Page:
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Equal treatment of European creditors

The creditors of a company subject to main and secondary insolvency proceedings under the European Insolvency Regulation are simply creditors of the company.  There are not separate bodies of creditors for each insolvency estate.  There may be (probably minor) differences between creditors’ rankings (e.g. preferential or subordinated) and there may be certain creditors admissible in some proceedings and not others.  However, essentially there is a single body of creditors.

The fundamental principle in the European Insolvency Regulation that creditors are to be treated equally is not simply a principle that is restricted separately to each proceeding.  This is clear, for example, from para 171 of the Virgos-Schmit Report:

          “The aim of this Article [Article 20 of the Regulation] is to guarantee the equal treatment of all the creditors of a single debtor”.

Moreover, the administrators of the several proceedings have to ensure that the creditors overall are dealt with equally.  This is achieved partly through the cooperation and communication requirements of Article 31 of the Regulation:

          “Subject to the rules applicable to each of the proceeding, the liquidator in the main proceedings and the liquidators in the secondary proceedings shall be duty bound to      cooperate with each other”. 

and partly through the provisions of Article 20(2) governing distributions in parallel proceedings:

          “In order to ensure equal treatment of creditors a creditor who has, in the course of insolvency proceedings, obtained a dividend on his claim shall share in distributions made in other proceedings only where creditors of the same ranking or category have, in those other proceedings, obtained an equivalent dividend”.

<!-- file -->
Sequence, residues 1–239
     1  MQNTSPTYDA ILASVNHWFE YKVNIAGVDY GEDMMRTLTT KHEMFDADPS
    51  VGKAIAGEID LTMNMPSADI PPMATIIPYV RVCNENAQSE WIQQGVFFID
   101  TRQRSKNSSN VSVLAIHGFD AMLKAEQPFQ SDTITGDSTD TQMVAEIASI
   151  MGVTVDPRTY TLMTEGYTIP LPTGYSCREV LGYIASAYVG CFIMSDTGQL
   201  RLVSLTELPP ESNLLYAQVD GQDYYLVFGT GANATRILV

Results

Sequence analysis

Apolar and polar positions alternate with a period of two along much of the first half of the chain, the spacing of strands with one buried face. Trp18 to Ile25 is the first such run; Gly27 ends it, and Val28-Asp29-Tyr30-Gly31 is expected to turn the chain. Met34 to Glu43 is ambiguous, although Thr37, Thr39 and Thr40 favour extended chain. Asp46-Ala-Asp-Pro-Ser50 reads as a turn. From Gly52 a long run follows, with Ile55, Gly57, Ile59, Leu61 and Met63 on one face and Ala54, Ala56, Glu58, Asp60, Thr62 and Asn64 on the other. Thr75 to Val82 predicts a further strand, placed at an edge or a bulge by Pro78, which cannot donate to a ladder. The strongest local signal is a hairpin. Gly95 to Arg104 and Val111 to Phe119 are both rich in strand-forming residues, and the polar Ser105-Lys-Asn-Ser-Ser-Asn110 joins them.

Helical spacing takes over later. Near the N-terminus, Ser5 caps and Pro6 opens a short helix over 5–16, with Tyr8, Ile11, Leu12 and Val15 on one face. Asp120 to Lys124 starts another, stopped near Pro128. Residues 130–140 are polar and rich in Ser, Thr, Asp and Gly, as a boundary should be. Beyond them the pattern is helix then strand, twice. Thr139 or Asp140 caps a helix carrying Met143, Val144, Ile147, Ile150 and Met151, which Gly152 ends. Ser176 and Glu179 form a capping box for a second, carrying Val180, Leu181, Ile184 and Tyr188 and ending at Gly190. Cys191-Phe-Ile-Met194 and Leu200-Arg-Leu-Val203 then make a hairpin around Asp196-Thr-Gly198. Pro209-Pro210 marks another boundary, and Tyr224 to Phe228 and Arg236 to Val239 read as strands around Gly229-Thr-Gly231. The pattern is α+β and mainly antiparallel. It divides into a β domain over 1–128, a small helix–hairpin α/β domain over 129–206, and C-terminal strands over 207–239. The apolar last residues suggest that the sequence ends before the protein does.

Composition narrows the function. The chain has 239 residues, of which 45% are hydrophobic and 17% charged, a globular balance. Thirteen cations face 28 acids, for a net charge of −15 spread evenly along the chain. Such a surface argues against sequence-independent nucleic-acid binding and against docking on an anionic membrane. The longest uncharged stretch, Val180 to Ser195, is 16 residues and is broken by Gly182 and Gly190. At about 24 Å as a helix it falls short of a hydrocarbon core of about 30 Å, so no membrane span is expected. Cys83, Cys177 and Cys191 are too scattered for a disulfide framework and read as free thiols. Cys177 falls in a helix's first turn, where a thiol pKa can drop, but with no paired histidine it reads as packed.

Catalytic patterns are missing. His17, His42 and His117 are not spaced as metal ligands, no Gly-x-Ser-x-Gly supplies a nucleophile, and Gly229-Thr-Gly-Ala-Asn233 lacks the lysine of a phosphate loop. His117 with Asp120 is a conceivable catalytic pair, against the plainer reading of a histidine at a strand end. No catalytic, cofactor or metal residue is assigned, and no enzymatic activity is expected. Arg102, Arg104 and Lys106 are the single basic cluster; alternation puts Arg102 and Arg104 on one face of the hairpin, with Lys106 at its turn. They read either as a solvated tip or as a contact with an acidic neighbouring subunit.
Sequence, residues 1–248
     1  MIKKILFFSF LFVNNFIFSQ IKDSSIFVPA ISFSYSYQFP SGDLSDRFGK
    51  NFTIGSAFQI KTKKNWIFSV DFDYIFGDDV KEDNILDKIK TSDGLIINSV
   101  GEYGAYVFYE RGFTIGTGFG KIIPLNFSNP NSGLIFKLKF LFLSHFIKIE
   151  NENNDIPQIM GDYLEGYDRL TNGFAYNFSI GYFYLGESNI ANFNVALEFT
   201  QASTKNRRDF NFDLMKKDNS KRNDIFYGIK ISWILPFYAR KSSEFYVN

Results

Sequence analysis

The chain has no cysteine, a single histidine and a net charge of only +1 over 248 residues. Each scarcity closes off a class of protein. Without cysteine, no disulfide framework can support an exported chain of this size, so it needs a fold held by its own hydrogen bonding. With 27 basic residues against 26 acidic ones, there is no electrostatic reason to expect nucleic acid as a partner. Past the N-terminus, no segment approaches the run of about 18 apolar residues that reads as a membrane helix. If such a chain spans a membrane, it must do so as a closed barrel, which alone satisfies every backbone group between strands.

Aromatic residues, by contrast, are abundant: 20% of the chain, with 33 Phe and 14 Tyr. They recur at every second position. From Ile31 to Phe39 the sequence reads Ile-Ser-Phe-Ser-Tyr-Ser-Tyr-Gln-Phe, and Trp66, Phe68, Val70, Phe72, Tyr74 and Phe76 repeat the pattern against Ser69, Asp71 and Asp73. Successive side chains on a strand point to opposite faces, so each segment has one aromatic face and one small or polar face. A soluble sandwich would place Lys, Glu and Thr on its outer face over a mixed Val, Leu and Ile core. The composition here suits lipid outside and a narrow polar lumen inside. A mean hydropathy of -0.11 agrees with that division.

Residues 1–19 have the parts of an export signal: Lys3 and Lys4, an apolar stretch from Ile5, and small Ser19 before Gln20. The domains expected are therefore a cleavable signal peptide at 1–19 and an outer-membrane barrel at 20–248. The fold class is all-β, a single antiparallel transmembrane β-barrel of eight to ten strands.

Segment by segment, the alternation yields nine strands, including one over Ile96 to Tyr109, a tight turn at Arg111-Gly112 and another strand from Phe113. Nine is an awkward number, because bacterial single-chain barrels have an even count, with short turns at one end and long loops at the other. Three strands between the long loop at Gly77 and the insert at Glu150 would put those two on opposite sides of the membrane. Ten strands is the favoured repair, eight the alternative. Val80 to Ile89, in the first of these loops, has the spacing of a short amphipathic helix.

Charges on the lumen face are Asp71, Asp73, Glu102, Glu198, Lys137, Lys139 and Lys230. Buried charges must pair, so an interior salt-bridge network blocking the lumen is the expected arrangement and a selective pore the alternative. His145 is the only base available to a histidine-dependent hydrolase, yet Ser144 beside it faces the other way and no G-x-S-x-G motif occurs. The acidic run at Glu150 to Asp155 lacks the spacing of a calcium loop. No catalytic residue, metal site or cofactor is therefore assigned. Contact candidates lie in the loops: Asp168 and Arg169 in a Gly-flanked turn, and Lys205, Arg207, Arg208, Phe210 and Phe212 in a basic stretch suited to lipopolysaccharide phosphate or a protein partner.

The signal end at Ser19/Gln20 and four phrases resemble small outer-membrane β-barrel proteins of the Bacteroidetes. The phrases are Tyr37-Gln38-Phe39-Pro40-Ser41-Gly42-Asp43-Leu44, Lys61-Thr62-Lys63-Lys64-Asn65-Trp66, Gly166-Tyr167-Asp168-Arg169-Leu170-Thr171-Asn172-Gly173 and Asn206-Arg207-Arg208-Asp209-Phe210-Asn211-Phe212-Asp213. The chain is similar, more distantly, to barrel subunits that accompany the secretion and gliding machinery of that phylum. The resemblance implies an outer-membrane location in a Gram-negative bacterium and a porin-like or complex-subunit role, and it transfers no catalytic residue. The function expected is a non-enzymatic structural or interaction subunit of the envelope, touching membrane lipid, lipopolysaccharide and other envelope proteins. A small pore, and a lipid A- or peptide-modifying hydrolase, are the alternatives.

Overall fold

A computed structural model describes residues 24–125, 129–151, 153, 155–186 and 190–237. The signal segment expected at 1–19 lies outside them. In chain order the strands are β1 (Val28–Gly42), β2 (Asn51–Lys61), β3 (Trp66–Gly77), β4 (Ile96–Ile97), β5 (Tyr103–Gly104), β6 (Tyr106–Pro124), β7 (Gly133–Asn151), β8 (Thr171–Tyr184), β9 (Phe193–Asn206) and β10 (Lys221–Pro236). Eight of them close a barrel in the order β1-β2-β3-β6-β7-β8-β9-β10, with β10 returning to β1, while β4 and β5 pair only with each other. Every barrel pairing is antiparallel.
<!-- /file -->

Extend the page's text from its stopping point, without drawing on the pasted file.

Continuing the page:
In accordance with Recital 21 of the Regulation:

            “..in order to ensure equal treatment of creditors, the distribution of proceeds must be coordinated.  Every creditor should be able to keep what he has received in the course of insolvency proceedings but should be entitled only to participate in the distribution of total assets in other proceedings if creditors with the same standing have obtained the same proportion of their claims”.

The effect of Article 20(2) is that a claim is not to be admitted for a distribution until such time as all the other creditors within the same ranking in those proceedings have obtained an equal percentage of satisfaction as that already obtained by the creditor in other parallel proceedings.  Whether the ranking is the same depends on the law governing the subsequent proceedings, i.e. the proceedings in which Article 20(2) is applied.

Any “ordinary unsecured creditor” might find his claim restricted in proceedings B if an earlier distribution in proceedings A excluded an individual creditor (for example a state B penalty or fine) that was admissible as a creditor in proceedings B but not in proceedings A.  When it came to the distribution by the office holder in proceedings B, he would apply Article 20(2) and first make up the distribution to the state penalty or fine creditor to the level of the earlier distribution in proceedings A.  He would then use the remainder of the assets he had available for distribution to distribute to all the creditors admissible in proceedings B.  Accordingly, after each distribution, all the creditors admissible in those proceedings will have been treated equally.  The imputation process is described in detail in para 175 of the Virgos-Schmit Report.

The European Insolvency Regulation aims at equal treatment of creditors across the main and secondary proceedings.

 

 

Date: 8th January, 2014
Author: Chris Laughton

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